The Bank of England’s Financial Policy Committee set aside a proposed recommendation to suspend liquidity rules to encourage lending at its meeting last month, citing the benefit to stability from those rules.
The bank’s 11-member FPC recommended after the meeting that regulators should make clearer that banks can use liquid asset buffers in the event of stress to encourage lending. At the meeting, the panel discussed whether there was a case for “going further” by suspending the liquidity rules.
“Suspension might provide the clearest message to banks that they could reduce their liquid asset holdings,” according to the minutes of the June 22 FPC meeting, published today in London. “Given, however, the uncertainty about how far regulatory requirements were the key constraint, and recognizing the benefits that had accrued from the regime over recent years, including incentivising safer funding structures, this option did not command support.”
The FPC unveiled five recommendations on June 29 to enhance the safety of Britain’s banking system, including that capital buffers may need to temporarily exceed requirements implied by the transition to Basel III standards. The recommendation on liquidity followed concerns that strains in credit markets were impeding banks’ ability to lend.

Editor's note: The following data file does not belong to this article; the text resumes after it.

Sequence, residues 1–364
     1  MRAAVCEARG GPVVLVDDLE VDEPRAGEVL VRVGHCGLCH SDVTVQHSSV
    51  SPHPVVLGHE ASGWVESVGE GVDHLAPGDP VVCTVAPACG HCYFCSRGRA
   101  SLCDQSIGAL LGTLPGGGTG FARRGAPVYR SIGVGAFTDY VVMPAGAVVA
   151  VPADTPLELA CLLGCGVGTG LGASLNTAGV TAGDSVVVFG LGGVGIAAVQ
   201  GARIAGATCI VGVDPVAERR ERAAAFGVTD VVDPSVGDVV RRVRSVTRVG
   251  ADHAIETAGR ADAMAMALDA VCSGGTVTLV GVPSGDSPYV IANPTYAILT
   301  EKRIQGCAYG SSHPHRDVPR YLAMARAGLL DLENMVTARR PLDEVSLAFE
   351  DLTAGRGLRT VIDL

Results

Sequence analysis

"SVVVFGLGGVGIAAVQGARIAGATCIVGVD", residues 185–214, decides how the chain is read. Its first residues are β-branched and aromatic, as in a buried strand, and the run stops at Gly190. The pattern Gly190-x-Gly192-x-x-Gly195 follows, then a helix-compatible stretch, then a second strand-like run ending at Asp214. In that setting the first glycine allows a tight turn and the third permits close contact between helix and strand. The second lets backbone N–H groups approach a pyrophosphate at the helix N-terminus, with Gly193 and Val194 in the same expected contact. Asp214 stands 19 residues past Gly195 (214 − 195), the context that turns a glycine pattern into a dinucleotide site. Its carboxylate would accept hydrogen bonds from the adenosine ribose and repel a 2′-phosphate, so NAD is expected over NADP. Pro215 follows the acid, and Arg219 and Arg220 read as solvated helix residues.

The FPC said there were “macroprudential grounds for banks using their liquid asset holdings to facilitate greater lending, with positive consequences for the economy and in turn resilience over the medium term.”
The panel also noted the government’s announcement that it would amend the Financial Services Bill to give a secondary objective that the FPC must “support the economic policies of the government, including its objectives for growth and employment.”
“It was noted that the primary objective, to protect and enhance resilience, and the new secondary objective were compatible,” the minutes said. Still, it would put “more onus on the committee to articulate the rationale for its policies.”
The FPC is operating on an interim basis while the legislation to formalize its powers is considered in Parliament.
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